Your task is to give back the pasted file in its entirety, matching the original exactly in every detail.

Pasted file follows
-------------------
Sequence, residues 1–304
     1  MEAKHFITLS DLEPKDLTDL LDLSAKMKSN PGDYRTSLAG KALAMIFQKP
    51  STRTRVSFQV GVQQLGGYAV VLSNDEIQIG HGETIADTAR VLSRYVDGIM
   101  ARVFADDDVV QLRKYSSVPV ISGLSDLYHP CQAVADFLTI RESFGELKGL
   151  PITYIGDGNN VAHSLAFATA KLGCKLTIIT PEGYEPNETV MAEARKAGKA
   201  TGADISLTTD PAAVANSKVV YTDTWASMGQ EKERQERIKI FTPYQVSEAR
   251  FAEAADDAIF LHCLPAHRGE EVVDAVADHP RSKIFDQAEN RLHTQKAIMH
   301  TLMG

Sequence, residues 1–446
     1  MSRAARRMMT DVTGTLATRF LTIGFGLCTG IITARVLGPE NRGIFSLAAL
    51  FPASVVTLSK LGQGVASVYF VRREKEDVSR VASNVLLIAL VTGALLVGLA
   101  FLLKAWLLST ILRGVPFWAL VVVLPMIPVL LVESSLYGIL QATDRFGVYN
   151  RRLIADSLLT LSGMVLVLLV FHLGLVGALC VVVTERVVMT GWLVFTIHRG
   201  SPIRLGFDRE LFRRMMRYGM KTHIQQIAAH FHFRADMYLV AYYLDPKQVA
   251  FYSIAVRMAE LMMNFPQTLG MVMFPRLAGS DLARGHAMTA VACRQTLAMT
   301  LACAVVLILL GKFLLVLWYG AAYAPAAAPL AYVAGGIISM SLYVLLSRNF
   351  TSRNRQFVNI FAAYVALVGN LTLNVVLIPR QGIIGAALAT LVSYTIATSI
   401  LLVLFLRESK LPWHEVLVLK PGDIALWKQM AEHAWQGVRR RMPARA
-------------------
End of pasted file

Sequence, residues 1–304
     1  MEAKHFITLS DLEPKDLTDL LDLSAKMKSN PGDYRTSLAG KALAMIFQKP
    51  STRTRVSFQV GVQQLGGYAV VLSNDEIQIG HGETIADTAR VLSRYVDGIM
   101  ARVFADDDVV QLRKYSSVPV ISGLSDLYHP CQAVADFLTI RESFGELKGL
   151  PITYIGDGNN VAHSLAFATA KLGCKLTIIT PEGYEPNETV MAEARKAGKA
   201  TGADISLTTD PAAVANSKVV YTDTWASMGQ EKERQERIKI FTPYQVSEAR
   251  FAEAADDAIF LHCLPAHRGE EVVDAVADHP RSKIFDQAEN RLHTQKAIMH
   301  TLMG

Sequence, residues 1–446
     1  MSRAARRMMT DVTGTLATRF LTIGFGLCTG IITARVLGPE NRGIFSLAAL
    51  FPASVVTLSK LGQGVASVYF VRREKEDVSR VASNVLLIAL VTGALLVGLA
   101  FLLKAWLLST ILRGVPFWAL VVVLPMIPVL LVESSLYGIL QATDRFGVYN
   151  RRLIADSLLT LSGMVLVLLV FHLGLVGALC VVVTERVVMT GWLVFTIHRG
   201  SPIRLGFDRE LFRRMMRYGM KTHIQQIAAH FHFRADMYLV AYYLDPKQVA
   251  FYSIAVRMAE LMMNFPQTLG MVMFPRLAGS DLARGHAMTA VACRQTLAMT
   301  LACAVVLILL GKFLLVLWYG AAYAPAAAPL AYVAGGIISM SLYVLLSRNF
   351  TSRNRQFVNI FAAYVALVGN LTLNVVLIPR QGIIGAALAT LVSYTIATSI
   401  LLVLFLRESK LPWHEVLVLK PGDIALWKQM AEHAWQGVRR RMPARA